I was so caught up in the ambience of the foreplay I had no idea that the bug was nibbling at me. While riding with the pack, I rarely had to think about what I was capable of doing, I just did it. (After all, I taught myself to ride. Therefore, I was capable of anything). Taking corners at 100 miles per hour meant nothing to me. It was like having multiple orgasms, a thrill that brought a never-ending palpation of excitement. Keeping up with track racers, being able to outride a well-known rider, brought about a charge that Sportbike riders understand all too well, especially women riders who outride the men! It was all about fun and the rolls of Dunlop gummy bears that spewed out to the men and women who dared to follow.

This Zengasm was gratifying until the effects of the pack bug began to show its ugly head. Every time we ventured out on a ride, someone, or several people were bit and unable to sustain long enough to share their ultimate experiences. One by one, they continued to drop like flies. After a while, this sight brought about a feeling similar to premature ejaculation. Simply put, "damn, you just couldn't keep it up could you?"

For eight years I owned and managed Knight Riders, a coed Sportbike club. In the first three years of our rides, we engaged in numerous Zen-orgies. Literally riders were sweating, panting, and screeching with excitement before and after rides. Zengasm was the ultimate and as a group, we loved every minute of it. We were so engrossed in our pleasures, we were totally unaware that the Pack Bug was nipping at us. After a while we began to feel the bite and a new sensation begin to set in. Riders became plagued with apprehension, anxiety, fear, and resistance to riding with our group. The word on the Street was "beware of the Knight Riders, those guys are crazy."   We were not crazy, we were just experiencing a Zengasm, while being eaten up by the Pack Bug.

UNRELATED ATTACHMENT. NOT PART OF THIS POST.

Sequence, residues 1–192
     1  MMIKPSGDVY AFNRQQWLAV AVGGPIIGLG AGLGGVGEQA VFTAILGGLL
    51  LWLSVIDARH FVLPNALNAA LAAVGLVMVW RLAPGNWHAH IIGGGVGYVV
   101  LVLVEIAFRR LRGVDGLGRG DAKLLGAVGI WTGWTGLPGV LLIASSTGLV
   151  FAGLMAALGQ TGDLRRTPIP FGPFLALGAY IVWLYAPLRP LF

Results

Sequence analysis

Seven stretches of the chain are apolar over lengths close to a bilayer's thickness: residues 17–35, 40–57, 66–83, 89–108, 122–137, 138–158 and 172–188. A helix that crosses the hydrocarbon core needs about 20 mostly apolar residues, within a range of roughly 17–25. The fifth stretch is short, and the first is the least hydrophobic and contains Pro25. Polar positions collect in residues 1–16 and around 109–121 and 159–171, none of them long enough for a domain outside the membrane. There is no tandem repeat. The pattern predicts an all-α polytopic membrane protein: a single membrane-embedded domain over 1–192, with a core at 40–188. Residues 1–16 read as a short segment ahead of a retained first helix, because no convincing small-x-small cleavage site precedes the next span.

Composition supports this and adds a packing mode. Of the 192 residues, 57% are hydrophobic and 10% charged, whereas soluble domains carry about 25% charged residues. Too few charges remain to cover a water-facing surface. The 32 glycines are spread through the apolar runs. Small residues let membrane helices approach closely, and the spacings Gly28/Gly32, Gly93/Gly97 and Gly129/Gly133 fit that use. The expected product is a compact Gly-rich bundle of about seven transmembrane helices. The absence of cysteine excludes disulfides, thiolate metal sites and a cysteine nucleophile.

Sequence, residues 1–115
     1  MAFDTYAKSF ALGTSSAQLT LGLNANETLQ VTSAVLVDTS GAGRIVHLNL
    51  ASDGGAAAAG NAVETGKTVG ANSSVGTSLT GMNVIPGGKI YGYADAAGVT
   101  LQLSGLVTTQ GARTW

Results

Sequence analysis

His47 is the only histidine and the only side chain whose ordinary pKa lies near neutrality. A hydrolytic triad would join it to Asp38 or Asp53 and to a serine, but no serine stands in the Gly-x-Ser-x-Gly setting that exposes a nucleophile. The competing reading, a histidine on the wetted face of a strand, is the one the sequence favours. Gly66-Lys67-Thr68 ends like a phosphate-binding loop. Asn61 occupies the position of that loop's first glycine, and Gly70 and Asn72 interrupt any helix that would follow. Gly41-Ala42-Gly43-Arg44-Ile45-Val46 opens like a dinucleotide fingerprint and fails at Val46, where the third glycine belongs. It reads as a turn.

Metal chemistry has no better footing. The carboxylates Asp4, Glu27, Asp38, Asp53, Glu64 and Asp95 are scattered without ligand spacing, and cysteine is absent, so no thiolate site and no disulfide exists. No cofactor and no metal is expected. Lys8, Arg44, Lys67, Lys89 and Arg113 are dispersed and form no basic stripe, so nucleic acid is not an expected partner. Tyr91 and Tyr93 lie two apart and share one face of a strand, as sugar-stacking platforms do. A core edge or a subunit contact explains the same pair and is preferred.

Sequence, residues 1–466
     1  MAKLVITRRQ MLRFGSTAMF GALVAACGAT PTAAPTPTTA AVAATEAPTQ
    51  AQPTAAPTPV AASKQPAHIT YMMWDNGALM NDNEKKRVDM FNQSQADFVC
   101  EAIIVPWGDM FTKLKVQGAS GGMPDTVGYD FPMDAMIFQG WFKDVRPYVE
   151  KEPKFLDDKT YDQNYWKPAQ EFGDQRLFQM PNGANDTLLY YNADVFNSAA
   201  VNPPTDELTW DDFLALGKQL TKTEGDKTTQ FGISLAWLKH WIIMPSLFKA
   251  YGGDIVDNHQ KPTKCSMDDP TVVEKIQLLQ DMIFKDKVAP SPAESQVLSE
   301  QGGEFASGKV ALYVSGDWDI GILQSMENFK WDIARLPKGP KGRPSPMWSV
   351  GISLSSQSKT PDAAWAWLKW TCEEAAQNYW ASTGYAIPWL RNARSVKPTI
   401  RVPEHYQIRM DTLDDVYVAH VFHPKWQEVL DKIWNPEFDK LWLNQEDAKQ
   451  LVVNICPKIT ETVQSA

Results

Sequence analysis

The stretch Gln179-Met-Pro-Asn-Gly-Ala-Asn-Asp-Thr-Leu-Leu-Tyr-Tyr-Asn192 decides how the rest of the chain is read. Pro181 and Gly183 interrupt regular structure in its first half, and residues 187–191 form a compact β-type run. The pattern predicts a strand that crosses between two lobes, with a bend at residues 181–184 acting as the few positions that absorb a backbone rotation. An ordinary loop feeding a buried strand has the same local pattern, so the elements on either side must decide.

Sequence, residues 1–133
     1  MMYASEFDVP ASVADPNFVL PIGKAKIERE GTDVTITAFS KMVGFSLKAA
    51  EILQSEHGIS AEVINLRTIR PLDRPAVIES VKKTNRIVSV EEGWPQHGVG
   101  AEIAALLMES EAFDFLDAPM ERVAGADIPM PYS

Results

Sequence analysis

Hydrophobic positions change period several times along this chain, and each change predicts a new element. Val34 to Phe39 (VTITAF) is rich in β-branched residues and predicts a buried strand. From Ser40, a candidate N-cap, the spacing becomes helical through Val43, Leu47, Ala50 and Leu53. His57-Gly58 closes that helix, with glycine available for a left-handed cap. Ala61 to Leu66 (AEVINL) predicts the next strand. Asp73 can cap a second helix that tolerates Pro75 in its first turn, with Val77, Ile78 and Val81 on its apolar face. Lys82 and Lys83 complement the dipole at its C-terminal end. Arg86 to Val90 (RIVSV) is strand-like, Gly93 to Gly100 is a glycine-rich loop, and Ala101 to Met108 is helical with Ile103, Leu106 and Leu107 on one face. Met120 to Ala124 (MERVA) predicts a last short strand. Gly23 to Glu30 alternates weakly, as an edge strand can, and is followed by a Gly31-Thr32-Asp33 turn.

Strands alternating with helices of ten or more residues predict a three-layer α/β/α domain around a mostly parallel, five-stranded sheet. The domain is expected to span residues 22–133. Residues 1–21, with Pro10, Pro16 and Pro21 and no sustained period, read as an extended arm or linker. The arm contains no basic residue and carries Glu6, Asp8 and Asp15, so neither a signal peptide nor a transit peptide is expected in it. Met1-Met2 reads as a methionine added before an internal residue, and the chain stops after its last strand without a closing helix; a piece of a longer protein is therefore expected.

Group Riding is exciting and fun. However if individual riders do not protect themselves from the Pack Bug, the ultimate high, can be short lived. For me, the Pack Bug was the reason group riding was no longer exciting. Group riding no longer brought me that ultimate high. Simply because novice and immature riders who ditched their bikes while trying to keep up with skillful riders repeatedly interrupted my Zengasms. The Bug was wearing me out and I wasn't even being bit. Rounding a corner and hearing a hysterical automobile driver screaming and crying because she collided with a rider who went wide in a corner, seeing a rider with his leg severed after hitting a guard rail, watching the only passenger out of 33 bikes die after being swept up by a backhoe, all of this is enough to make anyone retire the gear.

I love sportbikes and I love riding my motorcycle. I have no plans of retiring my gear any time soon. However, because of the Pack Bug, I did decide to let go of large group riding. Over the years, I have ridden a Katana 600, CBR 600F2, CBR 900RR, RVF 400, and now a YZF 1000. It was very easy to get bitten on these machines. Fortunately, I survived my first bite, and believe me after being bit by the Pack Bug, and witnessing its effects, I ride my bike in a completely different light today.

I am hoping that this article will help all motorcyclists avoid the bite of the Pack Bug, especially sportbike riders. It is important that you think about your capabilities before venturing off with a pack of motorcyclists, particularly if you are unfamiliar with other riders' knowledge and skills. If you participate on group rides, organized or with friends, talk to your club members/riders about the Pack Bug. Protect yourself from the bite of the bug by using common sense and going at a pace comparable with your own skills and knowledge. Do not allow yourself to get sucked into the Zengasm.

SK/Winter 05


We've worked hard to upgrade this site. Click here to notify us of any problems we need to correct.

ADVERTISING
Dualsport Northwest Rally

SUBSCRIBE FREE

Subscription has its privileges - Each month Sound RIDER! publishes new features on rides, clubs, dealers and events. Don't miss out on these informative stories.

Sign up today for your FREE subscription and you'll get notification each month when the new issue comes on line. You'll also be the first to find out about special Sound RIDER! events. From time to time, we also provide valuable coupons that can save you hundreds of dollars on motorcycle services. What are you waiting for? Click here to sign up now!